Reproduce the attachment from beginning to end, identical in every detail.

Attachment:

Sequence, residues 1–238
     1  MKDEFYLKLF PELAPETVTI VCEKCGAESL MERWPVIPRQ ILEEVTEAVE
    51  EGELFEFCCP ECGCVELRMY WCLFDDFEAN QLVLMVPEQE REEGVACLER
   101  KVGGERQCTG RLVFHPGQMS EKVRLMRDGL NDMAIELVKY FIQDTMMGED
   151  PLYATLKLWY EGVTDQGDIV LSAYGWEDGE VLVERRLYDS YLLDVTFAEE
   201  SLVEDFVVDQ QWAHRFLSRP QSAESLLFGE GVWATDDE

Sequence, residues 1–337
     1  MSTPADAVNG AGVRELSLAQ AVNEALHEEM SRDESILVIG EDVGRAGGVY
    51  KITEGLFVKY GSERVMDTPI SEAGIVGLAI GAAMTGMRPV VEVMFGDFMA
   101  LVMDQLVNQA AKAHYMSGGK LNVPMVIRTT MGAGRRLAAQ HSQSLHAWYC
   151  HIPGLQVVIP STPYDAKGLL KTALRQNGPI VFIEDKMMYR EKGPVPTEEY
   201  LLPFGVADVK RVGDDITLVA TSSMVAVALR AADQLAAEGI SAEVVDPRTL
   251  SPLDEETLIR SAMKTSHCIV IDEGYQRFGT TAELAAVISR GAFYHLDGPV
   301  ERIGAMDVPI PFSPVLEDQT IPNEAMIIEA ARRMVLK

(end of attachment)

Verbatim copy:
Sequence, residues 1–238
     1  MKDEFYLKLF PELAPETVTI VCEKCGAESL MERWPVIPRQ ILEEVTEAVE
    51  EGELFEFCCP ECGCVELRMY WCLFDDFEAN QLVLMVPEQE REEGVACLER
   101  KVGGERQCTG RLVFHPGQMS EKVRLMRDGL NDMAIELVKY FIQDTMMGED
   151  PLYATLKLWY EGVTDQGDIV LSAYGWEDGE VLVERRLYDS YLLDVTFAEE
   201  SLVEDFVVDQ QWAHRFLSRP QSAESLLFGE GVWATDDE

Sequence, residues 1–337
     1  MSTPADAVNG AGVRELSLAQ AVNEALHEEM SRDESILVIG EDVGRAGGVY
    51  KITEGLFVKY GSERVMDTPI SEAGIVGLAI GAAMTGMRPV VEVMFGDFMA
   101  LVMDQLVNQA AKAHYMSGGK LNVPMVIRTT MGAGRRLAAQ HSQSLHAWYC
   151  HIPGLQVVIP STPYDAKGLL KTALRQNGPI VFIEDKMMYR EKGPVPTEEY
   201  LLPFGVADVK RVGDDITLVA TSSMVAVALR AADQLAAEGI SAEVVDPRTL
   251  SPLDEETLIR SAMKTSHCIV IDEGYQRFGT TAELAAVISR GAFYHLDGPV
   301  ERIGAMDVPI PFSPVLEDQT IPNEAMIIEA ARRMVLK